Re: What breathing techniques can help me through labor?
Popular birthing methods like Lamaze or The Bradley Method have their own breathing techniques, but most practitioners don’t actually preach a strict breathing pattern (a la the “hee hee, hoo hoo, ha ha” school of thought). That’s because by the time labor pains start, breathing techniques a mom-to-be learns in childbirth class tend to go out the window. Instead, many childbirth experts recommend tuning in to your own natural breathing rhythms. That might be slow, deep breaths that come all the way from your diaphragm, or faster, shallow breathing, like a dog gently panting -- whatever feels right to you is most likely, well, right for you.
So how can you prep for labor breathing? Well, begin by being aware of how you breathe when you’re stressed -- some people inhale deeply through their nose, and others do an even in-out rhythm through their mouth. Whatever it is, practice it and remind yourself to return to that natural breathing pattern while you’re in labor.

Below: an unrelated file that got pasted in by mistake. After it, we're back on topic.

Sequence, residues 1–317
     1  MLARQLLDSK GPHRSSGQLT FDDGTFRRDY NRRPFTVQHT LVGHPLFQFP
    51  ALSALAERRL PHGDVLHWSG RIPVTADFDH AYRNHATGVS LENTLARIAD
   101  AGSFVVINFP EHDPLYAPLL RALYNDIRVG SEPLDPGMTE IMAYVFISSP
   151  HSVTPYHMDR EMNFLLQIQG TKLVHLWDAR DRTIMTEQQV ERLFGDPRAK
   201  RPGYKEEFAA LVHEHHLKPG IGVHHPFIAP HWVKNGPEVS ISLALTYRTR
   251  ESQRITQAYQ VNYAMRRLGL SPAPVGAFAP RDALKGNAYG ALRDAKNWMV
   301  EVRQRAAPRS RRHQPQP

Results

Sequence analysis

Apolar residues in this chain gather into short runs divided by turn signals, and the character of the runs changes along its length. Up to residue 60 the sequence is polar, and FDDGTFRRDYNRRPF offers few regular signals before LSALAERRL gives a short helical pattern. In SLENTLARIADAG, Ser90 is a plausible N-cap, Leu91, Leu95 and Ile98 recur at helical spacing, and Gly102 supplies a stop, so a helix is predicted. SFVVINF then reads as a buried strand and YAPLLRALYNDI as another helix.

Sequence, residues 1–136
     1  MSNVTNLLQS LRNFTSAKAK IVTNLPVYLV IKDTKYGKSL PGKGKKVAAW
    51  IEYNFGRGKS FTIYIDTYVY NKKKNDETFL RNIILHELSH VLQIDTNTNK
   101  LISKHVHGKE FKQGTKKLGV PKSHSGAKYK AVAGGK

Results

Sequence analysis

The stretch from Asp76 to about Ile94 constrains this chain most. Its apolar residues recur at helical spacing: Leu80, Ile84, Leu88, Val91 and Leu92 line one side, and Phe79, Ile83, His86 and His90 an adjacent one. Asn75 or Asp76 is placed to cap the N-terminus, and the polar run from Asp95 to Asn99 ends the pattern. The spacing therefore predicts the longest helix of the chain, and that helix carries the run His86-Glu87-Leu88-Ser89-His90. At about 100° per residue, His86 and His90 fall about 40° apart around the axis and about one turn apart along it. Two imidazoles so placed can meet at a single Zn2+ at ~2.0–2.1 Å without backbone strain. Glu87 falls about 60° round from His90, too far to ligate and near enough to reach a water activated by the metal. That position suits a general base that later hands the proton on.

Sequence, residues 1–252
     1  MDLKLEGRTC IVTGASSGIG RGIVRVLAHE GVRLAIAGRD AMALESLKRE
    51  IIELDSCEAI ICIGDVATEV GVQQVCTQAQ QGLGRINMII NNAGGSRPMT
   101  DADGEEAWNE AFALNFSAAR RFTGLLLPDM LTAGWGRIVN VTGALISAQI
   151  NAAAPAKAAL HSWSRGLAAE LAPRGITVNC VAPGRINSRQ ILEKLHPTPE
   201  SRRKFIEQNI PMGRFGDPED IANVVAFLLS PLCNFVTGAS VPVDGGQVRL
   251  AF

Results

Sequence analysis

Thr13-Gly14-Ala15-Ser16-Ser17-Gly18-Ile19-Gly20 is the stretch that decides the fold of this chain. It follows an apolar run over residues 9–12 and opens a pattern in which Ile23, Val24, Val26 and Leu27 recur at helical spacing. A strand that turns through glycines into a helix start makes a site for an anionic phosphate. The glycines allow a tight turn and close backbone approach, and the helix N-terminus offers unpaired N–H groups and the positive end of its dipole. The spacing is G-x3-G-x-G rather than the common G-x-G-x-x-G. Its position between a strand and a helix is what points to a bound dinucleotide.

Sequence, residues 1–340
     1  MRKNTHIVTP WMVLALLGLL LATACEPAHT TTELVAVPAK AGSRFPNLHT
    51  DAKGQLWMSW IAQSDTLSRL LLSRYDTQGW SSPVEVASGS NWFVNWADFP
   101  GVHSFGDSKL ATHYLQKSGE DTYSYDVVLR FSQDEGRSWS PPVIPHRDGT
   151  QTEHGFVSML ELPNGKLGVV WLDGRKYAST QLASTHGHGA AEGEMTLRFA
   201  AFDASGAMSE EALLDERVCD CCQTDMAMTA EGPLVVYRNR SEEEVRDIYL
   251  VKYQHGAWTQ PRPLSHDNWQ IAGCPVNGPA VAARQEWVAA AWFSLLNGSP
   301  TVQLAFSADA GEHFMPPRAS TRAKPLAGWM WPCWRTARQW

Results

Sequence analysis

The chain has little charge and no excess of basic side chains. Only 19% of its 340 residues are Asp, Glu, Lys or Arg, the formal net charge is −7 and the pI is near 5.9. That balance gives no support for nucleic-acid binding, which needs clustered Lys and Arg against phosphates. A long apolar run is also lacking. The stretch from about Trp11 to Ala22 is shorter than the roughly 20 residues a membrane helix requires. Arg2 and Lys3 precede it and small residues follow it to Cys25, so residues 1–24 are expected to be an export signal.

Then, once contractions start, try this: At the beginning of each contraction, some practitioners recommend taking a “cleansing” breath, similar to the kind many yoga instructors use at the start of a class. The cleansing breath can help you release tension and relax more deeply.
As labor progresses, try finding your own rhythmic breathing, much like a swimmer or runner does when she’s in her workout groove. If this doesn’t work (or stops working), focus on the sound you make when you’re in pain. For some women, it’s a low hum; for others, it’s a robust “aah.” You can then turn this natural exclamation into a rhythmic pattern that can help you cope with labor pains.
Plus, more from The Bump:
Different positions for birth?
Alternative birth methods?
Tool: Birth Plan